To “MT” or “RT” on Twitter? That is the Question.
When I first took notice of “MT”s (Modified Tweets) in my Twitter feed, I commented on someone’s blog post on the topic that I really didn’t see the point in it. Why complicate things? “RT” (Retweet) covers it.
I take that back.
Though I originally objected to yet another Tweetism that would make Twitter an even more mysterious and scary platform for those who so want to dip their toes in the water but can’t muster the courage, I now find myself using MT in most of my retweets.
Why MT vs. RT?
MT indicates openly that you’ve in some way changed the content of the tweet you’re retweeting.
When should you use it? MT when…
- you eliminate words from a tweet to make it shorter to fit the confines of Twitter’s 140-character limit. To facilitate retweeting, you might consider cutting a tweet so it provides room for “RT @” plus your Twitter handle.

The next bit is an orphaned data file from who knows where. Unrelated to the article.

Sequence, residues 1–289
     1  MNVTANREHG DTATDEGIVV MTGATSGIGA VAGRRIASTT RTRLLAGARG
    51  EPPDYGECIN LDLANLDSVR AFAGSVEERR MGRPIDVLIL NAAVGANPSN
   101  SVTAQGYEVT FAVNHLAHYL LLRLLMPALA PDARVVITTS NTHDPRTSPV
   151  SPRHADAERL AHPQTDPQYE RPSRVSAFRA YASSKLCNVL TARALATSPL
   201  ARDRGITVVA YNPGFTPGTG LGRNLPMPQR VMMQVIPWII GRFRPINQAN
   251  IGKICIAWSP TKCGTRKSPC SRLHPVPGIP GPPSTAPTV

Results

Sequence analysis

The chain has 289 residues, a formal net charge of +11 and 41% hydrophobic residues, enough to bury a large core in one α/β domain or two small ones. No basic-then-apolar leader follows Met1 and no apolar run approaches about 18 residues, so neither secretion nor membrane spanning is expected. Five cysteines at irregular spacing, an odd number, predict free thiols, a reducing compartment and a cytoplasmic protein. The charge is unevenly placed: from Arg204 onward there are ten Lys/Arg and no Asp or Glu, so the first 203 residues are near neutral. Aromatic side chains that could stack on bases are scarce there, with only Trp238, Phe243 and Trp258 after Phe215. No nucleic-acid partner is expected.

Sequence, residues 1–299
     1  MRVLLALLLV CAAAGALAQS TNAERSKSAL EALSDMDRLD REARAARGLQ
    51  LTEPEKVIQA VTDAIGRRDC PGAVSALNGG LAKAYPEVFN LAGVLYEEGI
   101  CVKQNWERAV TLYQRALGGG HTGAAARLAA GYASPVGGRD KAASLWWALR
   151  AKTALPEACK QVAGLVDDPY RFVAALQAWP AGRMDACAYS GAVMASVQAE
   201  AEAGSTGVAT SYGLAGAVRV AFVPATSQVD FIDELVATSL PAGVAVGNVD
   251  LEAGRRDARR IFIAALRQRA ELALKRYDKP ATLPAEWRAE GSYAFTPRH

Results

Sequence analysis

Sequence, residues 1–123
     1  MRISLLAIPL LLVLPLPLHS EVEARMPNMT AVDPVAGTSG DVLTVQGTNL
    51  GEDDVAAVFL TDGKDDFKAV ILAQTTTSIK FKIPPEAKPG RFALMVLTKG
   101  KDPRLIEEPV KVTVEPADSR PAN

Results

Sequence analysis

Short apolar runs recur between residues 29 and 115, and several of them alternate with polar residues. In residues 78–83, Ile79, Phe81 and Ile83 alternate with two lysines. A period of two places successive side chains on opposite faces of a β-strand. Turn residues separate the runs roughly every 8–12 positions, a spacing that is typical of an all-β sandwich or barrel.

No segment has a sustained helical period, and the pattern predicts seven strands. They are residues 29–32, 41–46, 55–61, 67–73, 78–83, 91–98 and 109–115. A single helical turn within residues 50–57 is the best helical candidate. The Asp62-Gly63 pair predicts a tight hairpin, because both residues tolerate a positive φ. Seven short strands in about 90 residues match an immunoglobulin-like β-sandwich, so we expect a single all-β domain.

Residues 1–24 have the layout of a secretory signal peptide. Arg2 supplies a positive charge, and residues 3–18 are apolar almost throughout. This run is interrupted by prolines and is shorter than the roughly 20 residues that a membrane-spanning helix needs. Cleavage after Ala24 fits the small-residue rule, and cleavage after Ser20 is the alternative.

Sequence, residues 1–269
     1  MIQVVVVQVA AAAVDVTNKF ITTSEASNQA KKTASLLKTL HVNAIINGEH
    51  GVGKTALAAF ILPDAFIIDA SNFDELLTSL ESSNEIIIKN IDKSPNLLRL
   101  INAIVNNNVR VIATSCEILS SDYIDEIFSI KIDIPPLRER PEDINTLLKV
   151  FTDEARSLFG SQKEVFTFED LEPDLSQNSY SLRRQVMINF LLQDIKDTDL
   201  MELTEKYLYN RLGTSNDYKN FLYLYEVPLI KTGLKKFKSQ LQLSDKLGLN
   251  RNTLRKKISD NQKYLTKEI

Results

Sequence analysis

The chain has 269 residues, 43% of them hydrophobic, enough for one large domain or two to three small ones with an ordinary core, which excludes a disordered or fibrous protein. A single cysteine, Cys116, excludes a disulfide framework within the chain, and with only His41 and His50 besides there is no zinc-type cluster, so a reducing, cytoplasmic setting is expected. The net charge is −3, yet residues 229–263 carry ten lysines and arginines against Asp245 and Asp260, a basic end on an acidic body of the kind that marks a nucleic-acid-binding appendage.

- you change or eliminate a portion of a tweet that might not be appropriate for your audience. Maybe it’s too niche focused or perhaps it has strong language. Either way, MT!
- MT when you’ve done more than just add or remove punctuation or spaces in a retweet.
- Don’t MT or RT if you’ve changed a tweet’s content and/or intent beyond recognition. In that case, create your own intro, share the link and mention (@) the Twitter user who brought it to your stream.
Although I don’t view tweets as works of art that should be protected as creative property, I do believe it is common courtesy to acknowledge that a retweet no longer reflects verbatim the words of its source. I predict lots more MTs in your Twitter Home Feed’s future!
Using MTs yet? What unspoken rules do you have for MTing and RTing?